In memory of Eric Allison, former prisoner and campaigning journalist.

We first met Eric Allison in 2008 at the funeral of Pauline Campbell, who died of a broken heart after her daughter’s death from deliberate neglect in prison. By then we had been following Eric’s articles in the Guardian for a few years, impressed by his determination to tell the truth about what prisoners are facing inside.

We were regularly in touch over the decades and Eric was always available to help us with whatever prisoners’ struggle we were involved in. In 2011, he reviewed Jailhouse Lawyers, a book we published by US prisoner Mumia Abu-Jamal, edited and introduced by Selma James from the Global Women’s Strike. In his review, he modesty described himself as a jailhouse lawyer who “enjoyed some minor victories and liked being a thorn in the side of my keepers and fighting them on behalf of prisoners with a grievance”.

He would help us with information and contacts. He got publicity for the ground-breaking 2013 California Prisoners Hunger Strike of 30,000 prisoners which lasted 60 days and won the release from solitary confinement of over 100 men and the release from prison of many others. He also enlisted the help of lawyers and other prominent people for our campaign against the Royal College of Psychiatrists which claimed that Close Supervision Centres (CSC) – solitary confinement by another name – were “enabling environments”. That campaign was initiated at the request of prisoner Kevan Thakrar, himself held for over 10 years in a CSC. We soon found out that they knew each other as Eric had given evidence in court on Kevan’s behalf in a case that exposed an institutionalised racist brutal regime in Frankland prison. Kevan won.

In 2013, we invited Eric to speak at SlutWalk, an event of the anti-violence women’s movement held in Trafalgar Square. His first words were: “I want to speak about the abuse of children at the hands of the state.” As mothers and grannies, we were grateful to find a man, and a jail bird at that, who thought that working-class children’s lives matter. It remained a focus of his life and work to expose not only those who abused children but those who stood by in full knowledge of this horror and let it happen. In a letter to us he said: “It seems to me that, sadly, we will always have abusers, but they can only flourish in institutions by the cowardice or apathy of others — and then of course, the state steps in to protect its own, rather than those in their care.” Eric went on to speak fervently about the injustice of imprisoning traumatised and vulnerable women, many of whom had been victims of rape and/or domestic violence and then suffered further sexual violence from guards. Always a man of action, he said about a judge who imprisoned a woman for eight years for aborting her baby: “People ought to kick in the court where he’s sitting, and let them know what they think about this shameful sentence of this woman who needed help, not punishment.”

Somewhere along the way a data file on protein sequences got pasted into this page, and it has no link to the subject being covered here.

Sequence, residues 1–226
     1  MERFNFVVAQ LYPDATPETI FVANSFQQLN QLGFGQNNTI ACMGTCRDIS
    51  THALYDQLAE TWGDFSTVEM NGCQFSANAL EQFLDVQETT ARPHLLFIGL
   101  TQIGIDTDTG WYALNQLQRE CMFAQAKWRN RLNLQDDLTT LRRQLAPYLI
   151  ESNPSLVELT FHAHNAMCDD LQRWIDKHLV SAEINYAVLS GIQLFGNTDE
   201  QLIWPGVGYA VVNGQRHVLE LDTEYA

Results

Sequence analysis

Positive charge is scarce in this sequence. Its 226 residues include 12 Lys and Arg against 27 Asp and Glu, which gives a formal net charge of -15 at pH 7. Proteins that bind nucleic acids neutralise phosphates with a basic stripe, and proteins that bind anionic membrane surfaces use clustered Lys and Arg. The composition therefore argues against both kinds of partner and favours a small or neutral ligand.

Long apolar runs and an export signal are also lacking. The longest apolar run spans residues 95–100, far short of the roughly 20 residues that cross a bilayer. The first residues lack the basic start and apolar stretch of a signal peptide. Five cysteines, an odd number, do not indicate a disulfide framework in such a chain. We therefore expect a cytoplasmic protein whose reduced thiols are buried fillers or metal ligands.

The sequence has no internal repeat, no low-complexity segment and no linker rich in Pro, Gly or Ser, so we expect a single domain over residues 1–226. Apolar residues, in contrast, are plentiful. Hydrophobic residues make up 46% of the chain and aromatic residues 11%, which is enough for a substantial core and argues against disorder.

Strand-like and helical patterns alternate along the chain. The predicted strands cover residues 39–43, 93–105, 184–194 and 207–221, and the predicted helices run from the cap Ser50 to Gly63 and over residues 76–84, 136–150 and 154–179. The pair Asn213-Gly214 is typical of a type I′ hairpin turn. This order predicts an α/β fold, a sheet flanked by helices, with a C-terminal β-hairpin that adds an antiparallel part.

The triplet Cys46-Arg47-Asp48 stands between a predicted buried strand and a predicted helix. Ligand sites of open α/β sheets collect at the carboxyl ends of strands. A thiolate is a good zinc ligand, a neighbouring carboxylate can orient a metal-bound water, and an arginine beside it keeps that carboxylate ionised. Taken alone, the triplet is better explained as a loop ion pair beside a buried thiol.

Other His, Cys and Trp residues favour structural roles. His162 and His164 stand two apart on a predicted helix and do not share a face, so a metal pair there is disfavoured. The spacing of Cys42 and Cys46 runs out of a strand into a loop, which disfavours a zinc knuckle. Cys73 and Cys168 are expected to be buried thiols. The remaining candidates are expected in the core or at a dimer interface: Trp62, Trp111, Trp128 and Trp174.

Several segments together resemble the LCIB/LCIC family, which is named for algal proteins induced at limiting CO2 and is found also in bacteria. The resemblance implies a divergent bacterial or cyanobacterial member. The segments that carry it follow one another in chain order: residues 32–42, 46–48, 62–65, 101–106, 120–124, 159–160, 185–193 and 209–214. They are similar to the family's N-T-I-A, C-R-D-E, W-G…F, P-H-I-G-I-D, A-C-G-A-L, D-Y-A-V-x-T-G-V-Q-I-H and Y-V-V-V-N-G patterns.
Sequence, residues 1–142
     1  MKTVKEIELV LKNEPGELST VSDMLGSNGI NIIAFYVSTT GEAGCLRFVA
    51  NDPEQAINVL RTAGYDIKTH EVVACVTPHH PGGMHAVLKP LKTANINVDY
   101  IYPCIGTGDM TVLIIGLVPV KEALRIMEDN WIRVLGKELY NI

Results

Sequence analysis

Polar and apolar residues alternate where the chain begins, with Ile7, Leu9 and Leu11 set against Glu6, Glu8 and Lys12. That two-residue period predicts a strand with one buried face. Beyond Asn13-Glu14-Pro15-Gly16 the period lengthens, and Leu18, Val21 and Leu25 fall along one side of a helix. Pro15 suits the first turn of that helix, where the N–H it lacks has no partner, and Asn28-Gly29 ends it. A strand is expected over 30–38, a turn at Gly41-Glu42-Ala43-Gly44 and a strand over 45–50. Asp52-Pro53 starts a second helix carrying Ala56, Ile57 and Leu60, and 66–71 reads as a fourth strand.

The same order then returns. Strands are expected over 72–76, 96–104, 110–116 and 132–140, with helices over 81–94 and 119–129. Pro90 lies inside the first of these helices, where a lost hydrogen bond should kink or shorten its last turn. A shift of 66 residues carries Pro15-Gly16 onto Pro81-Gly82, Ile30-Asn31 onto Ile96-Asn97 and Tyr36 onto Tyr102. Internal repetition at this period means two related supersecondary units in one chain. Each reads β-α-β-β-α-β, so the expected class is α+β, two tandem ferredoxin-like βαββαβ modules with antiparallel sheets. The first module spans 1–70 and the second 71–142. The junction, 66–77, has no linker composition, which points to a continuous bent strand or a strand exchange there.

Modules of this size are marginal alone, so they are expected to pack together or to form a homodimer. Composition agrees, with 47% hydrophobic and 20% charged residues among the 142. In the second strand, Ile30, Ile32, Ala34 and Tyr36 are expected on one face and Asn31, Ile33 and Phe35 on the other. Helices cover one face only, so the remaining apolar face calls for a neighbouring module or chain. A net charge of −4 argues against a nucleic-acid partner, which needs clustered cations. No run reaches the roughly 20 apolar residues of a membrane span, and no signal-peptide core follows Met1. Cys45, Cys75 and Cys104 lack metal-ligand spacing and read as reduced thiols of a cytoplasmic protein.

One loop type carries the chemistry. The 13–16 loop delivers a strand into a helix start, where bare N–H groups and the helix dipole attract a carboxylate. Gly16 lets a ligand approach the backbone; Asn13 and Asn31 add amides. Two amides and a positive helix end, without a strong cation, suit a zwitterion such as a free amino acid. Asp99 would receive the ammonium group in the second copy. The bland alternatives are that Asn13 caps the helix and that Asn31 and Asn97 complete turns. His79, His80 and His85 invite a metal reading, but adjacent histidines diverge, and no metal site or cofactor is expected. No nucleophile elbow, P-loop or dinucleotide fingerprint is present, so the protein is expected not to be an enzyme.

His Guardian articles were always the go-to-place for coverage about the brutal restraint of children, deaths of prisoners from neglect or despair, private racketeering in the prison industry, the scandal of imprisonment for public protection sentences and various miscarriages of justice. When one of the women at our centre was campaigning to save from the cruellest neglect, the life of her severely disabled son, Daniel Roque Hall, who was serving a three-year prison sentence, it was Eric who publicized it, helping to win Daniel’s release.  

We miss Eric every day since his death. We are less protected, less encouraged, less supported. The only appropriate tribute to a man of such principled determination is for us to continue gathering our forces and digging in our heels in our common struggle for justice. We mourn the dead and fight like hell for the living.

We send our condolences to Eric’s daughters, grandchildren, family and other friends.

Legal Action for Women, December 2022

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